Sleep is not a uniform state. Rather it is best conceptualized as a series of different states (REM and non-REM) where non-REM (NREM) can be broken down into a continuum of stages (1 to 3 in the newer standardized sleep scoring system) reflecting depth of sleep. The processing of external stimulus input is quite different between NREM and REM sleep.

Many models of auditory processing have been proposed. This tutorial will describe an elaborate model of auditory processing, proposed by R. NĠĠtĠnen, a well-known Finnish cognitive neuroscientist. The NĠĠtĠnen model [13] is unique in that it provides a means of quantifying the extent of processing even if the subject is not actively attending to the auditory stimulus. Changes in various ERP components are used to provide evidence of processing.

The vertex potential, N1-P2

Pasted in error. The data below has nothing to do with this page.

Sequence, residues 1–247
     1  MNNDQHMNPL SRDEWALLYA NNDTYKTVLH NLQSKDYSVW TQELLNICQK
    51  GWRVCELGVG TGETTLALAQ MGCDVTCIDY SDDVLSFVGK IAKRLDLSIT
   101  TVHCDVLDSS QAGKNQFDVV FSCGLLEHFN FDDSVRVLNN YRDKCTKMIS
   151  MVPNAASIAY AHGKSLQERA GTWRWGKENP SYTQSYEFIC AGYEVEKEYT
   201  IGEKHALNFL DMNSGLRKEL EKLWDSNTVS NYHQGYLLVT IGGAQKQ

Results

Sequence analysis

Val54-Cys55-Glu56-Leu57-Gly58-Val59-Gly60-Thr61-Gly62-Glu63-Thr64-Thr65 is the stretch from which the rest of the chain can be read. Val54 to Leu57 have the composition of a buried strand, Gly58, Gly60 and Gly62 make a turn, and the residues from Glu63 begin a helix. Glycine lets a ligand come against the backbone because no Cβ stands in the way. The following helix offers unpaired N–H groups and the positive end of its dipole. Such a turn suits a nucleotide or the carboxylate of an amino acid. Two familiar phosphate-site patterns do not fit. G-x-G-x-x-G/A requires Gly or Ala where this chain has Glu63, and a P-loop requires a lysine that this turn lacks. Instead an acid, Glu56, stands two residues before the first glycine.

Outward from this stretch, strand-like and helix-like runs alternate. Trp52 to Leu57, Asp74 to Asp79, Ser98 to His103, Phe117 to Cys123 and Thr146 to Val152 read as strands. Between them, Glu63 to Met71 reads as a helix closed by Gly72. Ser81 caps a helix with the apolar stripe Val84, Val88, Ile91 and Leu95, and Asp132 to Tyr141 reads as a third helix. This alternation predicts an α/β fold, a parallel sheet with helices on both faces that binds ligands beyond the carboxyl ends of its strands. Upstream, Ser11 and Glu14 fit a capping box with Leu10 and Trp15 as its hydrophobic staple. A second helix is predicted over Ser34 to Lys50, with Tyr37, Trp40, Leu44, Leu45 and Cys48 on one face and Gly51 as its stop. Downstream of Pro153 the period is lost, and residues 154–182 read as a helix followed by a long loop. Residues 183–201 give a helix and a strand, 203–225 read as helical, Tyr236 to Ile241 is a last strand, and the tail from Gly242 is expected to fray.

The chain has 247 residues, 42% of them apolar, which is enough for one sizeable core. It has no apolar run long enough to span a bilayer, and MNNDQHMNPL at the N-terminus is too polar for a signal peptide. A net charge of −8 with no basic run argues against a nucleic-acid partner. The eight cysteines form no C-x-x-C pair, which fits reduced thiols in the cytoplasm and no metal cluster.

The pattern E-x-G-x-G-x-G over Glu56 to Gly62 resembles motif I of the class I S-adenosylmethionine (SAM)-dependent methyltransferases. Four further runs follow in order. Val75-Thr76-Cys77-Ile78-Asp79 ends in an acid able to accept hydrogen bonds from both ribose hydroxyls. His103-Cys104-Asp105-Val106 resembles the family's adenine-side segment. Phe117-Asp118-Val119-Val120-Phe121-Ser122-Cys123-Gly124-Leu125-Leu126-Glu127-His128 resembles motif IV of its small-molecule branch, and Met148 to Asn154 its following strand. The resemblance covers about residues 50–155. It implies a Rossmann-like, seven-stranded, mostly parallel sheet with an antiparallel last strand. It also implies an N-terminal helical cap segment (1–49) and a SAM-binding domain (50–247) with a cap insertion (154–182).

NĠĠtĠnen discusses two routes through which an otherwise unattended auditory stimulus can result in attention capture, a forced interruption of the central executive and subsequent possible switching of attention to the auditory channel. The first route involves activation of a transient detector system by an obtrusive stimulus. This tutorial will mainly be concerned with this system. A stimulus does not, however, need to be obtrusive to result in interruption of the central executive, if the stimulus signals a change from the acoustic past and the extent of change is particularly large. The changed stimulus results in activation of a second system, appropriately named, the change detection system. For example, a change in the frequency, duration, location or intensity of a stimulus will activate the change detection system. This system could therefore result in attention capture even if the incoming stimulus signals a decrease in the intensity of the stimulus, provided the extent of change is large enough. Modern alarm systems tend to incorporate features that would activate both systems. An alarm is loud and obtrusive, thus resulting in considerable activation of the transient detector system. The features of the alarm however change; it is not a homogenous sound. The pitch of the alarm might vary; it might pulsate at irregular times. It thus also activates the change detection system.